6 new marine academies to be openedMd Owasim Uddin Bhuyan
With potential opportunities opening up for merchant mariners, the government has taken a project to set up six new marine academies in the country to groom young people taking up the challenging jobs at sea.
Besides the government run Marine Academy in Chittagong, 13 private marine academies are providing pre-sea and at- sea training to the country’s merchant marine cadets, officials said.
They said the government would open four of the new marine academies by 2013, one each at Barisal, Pabna, Rangpur and Sylhet.
Speaking at a function at the United Maritime Academy as the chief guest on Saturday Navy chief vice admiral Zahir Uddin Ahmed, said Bangladesh could provide trained young mariners to meet a huge shortage of marine officers facing the world.
With cooperation from the Scottish Qualification Authority, United Maritime Academy has been providing higher national diploma to Bangladeshi cadets on completion of professional training.
Zahir Uddin termed the offer of higher diploma from the Scottish Qualification Authority as a step forward for the Bangladeshi marine cadets.
UMA commandant Bazlur Rahman said many brave youngsters from Bangladesh, a recognized seafaring nation, were signing up to avail the trend setting training opportunities offered by UMA.
He said though many Bangladeshi mariners reached the peak of their professional career, Bangladesh’s participation in global seafaring, estimated at not more than one per cent, continued to be very meager.
A former director general of shipping Bazlur Rahman said when countries like the Philippines, China and India flooded the challenging profession by opening hundreds of government and private academies, Bangladesh kept on shying away from seizing the opportunities offered by the outside world.
According to the Department of Shipping, only state-run Chittagong marine academy admits students through highly competitive admission tests offering a two-year pre-sea plus one year’s practical training at sea to merchant marine cadets.
Shipping Department director general Jobair Ahmed told New Age that there was a big demand for mariners in the world.
He said during training at sea a cadet would get US $ 500 per month to meet his expenses.
On completion of training, a marine officer is entitled to get a monthly pay ranging from US $2,000 to 12,000, he said.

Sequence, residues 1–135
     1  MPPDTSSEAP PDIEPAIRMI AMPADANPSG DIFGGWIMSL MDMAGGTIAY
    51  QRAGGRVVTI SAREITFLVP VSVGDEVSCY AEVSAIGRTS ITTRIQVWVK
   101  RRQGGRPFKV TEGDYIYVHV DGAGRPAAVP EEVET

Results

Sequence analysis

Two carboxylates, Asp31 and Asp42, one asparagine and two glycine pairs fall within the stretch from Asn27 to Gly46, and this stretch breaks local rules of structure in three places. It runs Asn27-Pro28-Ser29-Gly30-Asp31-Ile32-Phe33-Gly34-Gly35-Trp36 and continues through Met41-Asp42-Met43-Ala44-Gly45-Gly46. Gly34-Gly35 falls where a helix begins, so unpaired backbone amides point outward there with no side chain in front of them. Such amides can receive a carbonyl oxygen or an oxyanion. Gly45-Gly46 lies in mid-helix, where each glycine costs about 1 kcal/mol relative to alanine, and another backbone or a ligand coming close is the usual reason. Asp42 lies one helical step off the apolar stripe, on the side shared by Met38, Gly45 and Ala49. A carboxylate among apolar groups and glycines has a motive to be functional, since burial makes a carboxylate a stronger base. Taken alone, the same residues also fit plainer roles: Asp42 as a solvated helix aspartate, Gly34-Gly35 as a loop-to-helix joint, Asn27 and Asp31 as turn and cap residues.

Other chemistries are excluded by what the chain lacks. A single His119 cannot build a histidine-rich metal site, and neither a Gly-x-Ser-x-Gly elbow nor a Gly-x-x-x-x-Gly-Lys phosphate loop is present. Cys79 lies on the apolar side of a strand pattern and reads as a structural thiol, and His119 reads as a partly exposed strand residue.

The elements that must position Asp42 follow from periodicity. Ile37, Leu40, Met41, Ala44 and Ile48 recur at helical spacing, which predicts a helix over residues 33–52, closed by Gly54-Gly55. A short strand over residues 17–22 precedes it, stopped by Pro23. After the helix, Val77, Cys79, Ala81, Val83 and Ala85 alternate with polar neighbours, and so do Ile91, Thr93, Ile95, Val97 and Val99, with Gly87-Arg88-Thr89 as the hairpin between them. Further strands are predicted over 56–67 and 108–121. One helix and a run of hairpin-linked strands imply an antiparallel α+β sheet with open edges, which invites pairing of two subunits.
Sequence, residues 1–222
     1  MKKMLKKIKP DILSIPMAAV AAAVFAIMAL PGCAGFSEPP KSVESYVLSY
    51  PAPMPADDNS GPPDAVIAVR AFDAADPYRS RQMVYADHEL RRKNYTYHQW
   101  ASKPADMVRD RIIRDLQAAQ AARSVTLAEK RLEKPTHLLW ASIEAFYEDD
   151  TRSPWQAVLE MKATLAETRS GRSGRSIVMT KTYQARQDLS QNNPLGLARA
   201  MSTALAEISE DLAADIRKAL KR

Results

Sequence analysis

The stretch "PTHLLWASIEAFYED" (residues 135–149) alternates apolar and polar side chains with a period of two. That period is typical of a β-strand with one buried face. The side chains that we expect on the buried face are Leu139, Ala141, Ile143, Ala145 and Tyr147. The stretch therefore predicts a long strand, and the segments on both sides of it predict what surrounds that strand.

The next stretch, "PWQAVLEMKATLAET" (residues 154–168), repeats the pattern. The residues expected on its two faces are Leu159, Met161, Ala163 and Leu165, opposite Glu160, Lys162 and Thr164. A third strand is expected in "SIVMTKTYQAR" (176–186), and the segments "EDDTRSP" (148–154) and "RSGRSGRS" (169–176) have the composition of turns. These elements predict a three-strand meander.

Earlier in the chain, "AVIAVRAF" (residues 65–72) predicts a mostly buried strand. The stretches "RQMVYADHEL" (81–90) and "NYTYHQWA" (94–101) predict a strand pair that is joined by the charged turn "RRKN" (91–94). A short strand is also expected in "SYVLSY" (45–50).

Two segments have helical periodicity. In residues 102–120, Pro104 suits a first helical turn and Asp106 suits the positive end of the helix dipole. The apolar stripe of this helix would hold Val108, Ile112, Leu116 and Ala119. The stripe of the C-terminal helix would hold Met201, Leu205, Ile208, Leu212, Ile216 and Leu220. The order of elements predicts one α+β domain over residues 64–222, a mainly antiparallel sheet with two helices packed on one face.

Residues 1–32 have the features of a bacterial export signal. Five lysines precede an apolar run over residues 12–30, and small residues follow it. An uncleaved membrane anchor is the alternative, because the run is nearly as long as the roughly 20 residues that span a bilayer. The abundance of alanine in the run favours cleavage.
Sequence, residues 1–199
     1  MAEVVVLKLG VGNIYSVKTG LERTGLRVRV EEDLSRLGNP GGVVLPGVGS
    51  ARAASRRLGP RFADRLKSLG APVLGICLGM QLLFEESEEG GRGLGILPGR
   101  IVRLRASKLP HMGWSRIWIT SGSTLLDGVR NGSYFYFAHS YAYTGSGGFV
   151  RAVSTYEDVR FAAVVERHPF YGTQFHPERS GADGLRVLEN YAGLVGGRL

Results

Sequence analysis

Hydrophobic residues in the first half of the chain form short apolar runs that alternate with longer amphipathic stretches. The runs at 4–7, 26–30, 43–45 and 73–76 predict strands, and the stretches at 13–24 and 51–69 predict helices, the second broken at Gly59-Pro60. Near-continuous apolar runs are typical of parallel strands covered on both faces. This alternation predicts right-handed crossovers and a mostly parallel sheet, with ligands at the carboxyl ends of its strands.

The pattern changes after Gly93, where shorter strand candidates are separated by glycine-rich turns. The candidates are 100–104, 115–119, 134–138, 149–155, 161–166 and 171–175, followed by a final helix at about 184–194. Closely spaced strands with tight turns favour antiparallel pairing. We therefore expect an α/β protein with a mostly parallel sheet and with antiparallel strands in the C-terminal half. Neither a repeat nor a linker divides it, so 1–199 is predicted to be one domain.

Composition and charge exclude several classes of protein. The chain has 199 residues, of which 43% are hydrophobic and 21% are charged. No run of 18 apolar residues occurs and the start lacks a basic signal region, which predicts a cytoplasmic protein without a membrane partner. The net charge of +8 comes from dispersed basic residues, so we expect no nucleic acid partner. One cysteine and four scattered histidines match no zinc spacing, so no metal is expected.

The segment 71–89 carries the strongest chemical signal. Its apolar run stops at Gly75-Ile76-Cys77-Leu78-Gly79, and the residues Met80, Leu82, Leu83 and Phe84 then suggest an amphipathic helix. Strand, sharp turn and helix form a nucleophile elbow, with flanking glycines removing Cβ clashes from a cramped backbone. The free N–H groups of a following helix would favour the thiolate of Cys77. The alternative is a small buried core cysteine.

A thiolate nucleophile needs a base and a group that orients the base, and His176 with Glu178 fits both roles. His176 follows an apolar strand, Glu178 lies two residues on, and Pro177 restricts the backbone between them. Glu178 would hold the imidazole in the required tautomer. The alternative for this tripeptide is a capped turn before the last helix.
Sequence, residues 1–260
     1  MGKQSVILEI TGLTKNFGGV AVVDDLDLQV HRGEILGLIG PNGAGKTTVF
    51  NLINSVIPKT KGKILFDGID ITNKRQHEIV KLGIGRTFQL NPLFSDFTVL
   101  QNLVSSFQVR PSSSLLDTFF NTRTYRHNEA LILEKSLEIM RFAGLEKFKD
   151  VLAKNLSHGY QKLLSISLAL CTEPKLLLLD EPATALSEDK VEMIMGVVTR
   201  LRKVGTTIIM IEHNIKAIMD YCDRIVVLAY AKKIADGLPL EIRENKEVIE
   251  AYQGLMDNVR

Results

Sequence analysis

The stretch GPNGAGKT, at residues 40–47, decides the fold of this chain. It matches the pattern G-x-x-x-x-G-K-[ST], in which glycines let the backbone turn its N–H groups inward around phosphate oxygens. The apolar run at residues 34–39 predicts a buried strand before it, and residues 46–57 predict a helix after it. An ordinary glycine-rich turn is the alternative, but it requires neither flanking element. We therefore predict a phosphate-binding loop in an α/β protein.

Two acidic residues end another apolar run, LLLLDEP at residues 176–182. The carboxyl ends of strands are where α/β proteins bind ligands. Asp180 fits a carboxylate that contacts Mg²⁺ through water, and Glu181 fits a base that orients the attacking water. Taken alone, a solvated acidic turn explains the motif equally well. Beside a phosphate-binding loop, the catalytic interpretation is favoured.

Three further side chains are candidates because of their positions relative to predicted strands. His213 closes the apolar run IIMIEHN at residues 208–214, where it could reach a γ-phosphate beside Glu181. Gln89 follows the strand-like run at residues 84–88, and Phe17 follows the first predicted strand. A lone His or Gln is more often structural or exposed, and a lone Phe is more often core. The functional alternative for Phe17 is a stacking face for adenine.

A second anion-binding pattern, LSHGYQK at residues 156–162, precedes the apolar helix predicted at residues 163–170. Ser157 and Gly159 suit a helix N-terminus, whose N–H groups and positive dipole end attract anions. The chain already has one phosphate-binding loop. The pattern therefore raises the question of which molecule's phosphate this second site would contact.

And the minimum monthly pay of deck and engine room rating, as deck and engine-room workers, responsible for maintaining exterior of the ship, are called, is about 1,000 $, he said.
A saloon sailor also gets about US $ 1,000, he said.
Jobair said two committees of the Department of Shipping supervised private marine academies to ensure their quality and standard of training.
Jobair said the government had allowed opening of private marine academies on the condition that they would ensure employment of their cadets on completion of training.
For any violation of condition, the government would cancel the registration of an academy and sue it, said DG shipping.
He said India, with its 320 marine academies and the Philippines with 150, were dominating the global job market for mariners.
Each year, 300 merchant navy cadets pass out from the Chittagong Marine Academy and 100 cadets from the International Maritime Academy, Shipping Department chief engineer and ship surveyor SM Nazmul Huq told New Age.
In two years from 2013, he said, between 1,000 and 1,200 merchant marine cadets would be passing out from Bangladesh’s 13 private marine academies.
The existing private marine academies in the country include, Bangladesh Maritime Training Institute, International Maritime Academy, MAS Maritime Academy, Shah Marine and Business Institute, Academy of Marine Education and Technology, Bay-maritime Training Center, West-way Martine Academy, United Maritime Academy, Atlantic Maritime Academy, Ocean Maritime Academy, Marine Point Limited, Cambridge Maritime College and Marine Academy.
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